Maybe early leaders in America were on to something when they insisted that people take time out on Sunday for worship, or at least a day of quietude. A new study on the effects of fewer "blue laws" seems to back that up.
Today's relentless seven days of commerce exacts a measurable toil on society, it says, especially in the form of more heavy drinking and drug abuse – and that's just among churchgoers.
"The church versus the mall," a study by two economists at MIT and Notre Dame universities, found that the repeal of state blue laws banning retail sales on Sunday over the past half-century, has lead to an increase in drinking and drug use among those who attend church. What's more, congregants visited their place of worship less frequently and donated less money to it as well.
In sum, the study said that competition from alternative Sunday activities (i.e. shopping) "may have negative consequences for individuals or society."
Retailers have argued with great success that busy Americans need time on Sunday to shop. The Distilled Spirits Council has led the charge to repeal bans on Sunday liquor sales. As a result, only 15 states have kept some kind of restriction. Legislators have buckled to this powerful lobby, unable to resist the promise of extra revenue from liquor taxes.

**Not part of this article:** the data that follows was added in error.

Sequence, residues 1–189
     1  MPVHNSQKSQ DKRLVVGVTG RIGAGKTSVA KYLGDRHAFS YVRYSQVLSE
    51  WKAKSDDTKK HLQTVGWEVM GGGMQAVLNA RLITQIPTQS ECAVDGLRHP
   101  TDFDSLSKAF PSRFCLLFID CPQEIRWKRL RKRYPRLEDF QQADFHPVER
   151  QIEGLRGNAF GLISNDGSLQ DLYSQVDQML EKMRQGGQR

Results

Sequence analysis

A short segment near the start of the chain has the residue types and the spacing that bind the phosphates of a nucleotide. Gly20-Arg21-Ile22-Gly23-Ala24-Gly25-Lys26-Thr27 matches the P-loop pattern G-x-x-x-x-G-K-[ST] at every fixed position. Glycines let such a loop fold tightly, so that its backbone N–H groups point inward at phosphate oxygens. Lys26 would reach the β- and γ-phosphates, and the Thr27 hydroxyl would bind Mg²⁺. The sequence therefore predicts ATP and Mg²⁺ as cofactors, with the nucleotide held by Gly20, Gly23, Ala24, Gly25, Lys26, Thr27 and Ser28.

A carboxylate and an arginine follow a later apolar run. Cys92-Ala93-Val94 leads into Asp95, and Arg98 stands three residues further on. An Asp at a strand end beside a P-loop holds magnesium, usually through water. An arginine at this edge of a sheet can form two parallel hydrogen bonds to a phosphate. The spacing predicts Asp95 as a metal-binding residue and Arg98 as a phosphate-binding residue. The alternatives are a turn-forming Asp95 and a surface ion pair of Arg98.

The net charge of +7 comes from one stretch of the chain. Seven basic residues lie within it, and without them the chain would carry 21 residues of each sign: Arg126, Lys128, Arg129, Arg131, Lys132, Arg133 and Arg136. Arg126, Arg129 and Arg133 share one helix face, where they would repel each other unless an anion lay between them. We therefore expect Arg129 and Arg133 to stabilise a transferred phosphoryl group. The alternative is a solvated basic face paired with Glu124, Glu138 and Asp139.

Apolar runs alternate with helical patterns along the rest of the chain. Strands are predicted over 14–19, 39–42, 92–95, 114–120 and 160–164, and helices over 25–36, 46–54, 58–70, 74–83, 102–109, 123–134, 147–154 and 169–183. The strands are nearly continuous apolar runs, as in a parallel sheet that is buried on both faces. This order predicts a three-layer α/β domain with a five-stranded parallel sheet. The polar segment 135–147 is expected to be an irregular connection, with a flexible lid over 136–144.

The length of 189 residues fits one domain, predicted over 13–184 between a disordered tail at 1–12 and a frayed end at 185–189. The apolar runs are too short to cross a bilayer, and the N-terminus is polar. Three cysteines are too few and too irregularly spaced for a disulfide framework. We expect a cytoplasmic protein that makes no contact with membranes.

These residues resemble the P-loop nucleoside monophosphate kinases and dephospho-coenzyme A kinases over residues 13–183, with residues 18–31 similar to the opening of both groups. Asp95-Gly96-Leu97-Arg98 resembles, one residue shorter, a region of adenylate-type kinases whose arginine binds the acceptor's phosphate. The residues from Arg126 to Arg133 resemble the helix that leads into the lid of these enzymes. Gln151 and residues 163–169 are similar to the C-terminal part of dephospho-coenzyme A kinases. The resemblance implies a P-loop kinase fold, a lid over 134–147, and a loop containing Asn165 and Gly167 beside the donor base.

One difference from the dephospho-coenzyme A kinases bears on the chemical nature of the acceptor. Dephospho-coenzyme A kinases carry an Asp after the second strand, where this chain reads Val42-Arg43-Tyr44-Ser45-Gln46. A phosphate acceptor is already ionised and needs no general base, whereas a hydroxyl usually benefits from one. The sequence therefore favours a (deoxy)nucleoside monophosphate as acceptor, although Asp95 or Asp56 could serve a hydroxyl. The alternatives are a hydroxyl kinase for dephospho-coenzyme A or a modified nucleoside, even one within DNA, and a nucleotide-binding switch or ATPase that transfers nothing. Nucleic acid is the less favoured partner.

Like it or not, Secular Sunday is here in full force to compete with Sacred Sunday – and appears to be winning.
US society is a mix of religious adherents and nonbelievers. It would be wrong to argue a special halt to commercial activity for the benefit of a single religion.
But the time-tested "Sabbath rhythm," a week consisting of five working days, a day to attend to personal chores, and a day of rest, ought to be defended by more than Christians or adherents of any religion. (It should be noted that the Sabbath for Jews and some Christians falls on Saturday, while Muslims take off Friday as a religious day. These allow for a similar rhythm.)
Observing a Sabbath isn't just about switching from work to private chores and fun. It's a time for contemplation, rest, regeneration, communion – a time to ponder something larger than oneself. Many find this in a place of worship and benefit from fellowship found there. It's also time for nurturing relationships with family and friends.
States and communities that have kept blue laws have the right to preserve them without feeling the laws are only a vestigial legacy of religion. Nothing requires that every day of the week have a dreary sameness. Those who ponder dropping blue laws ought to consider whether they are only bowing to pressures from commercial interests and weigh the cost of that irresolution.
Of course, individuals can carve out their own personal "blue law" on part of a weekend. But, as the study suggests, government has provided a public good by encouraging such a time out from the mall crawl and liquor store run. And it's given retail store workers the same opportunity for a weekend respite.
The eminent 18th-century British jurist William Blackstone wrote that keeping one day out of seven free from commerce "humanizes" society, "which would otherwise degenerate into a sordid ferocity and savage selfishness of spirit."
Those words still ring true.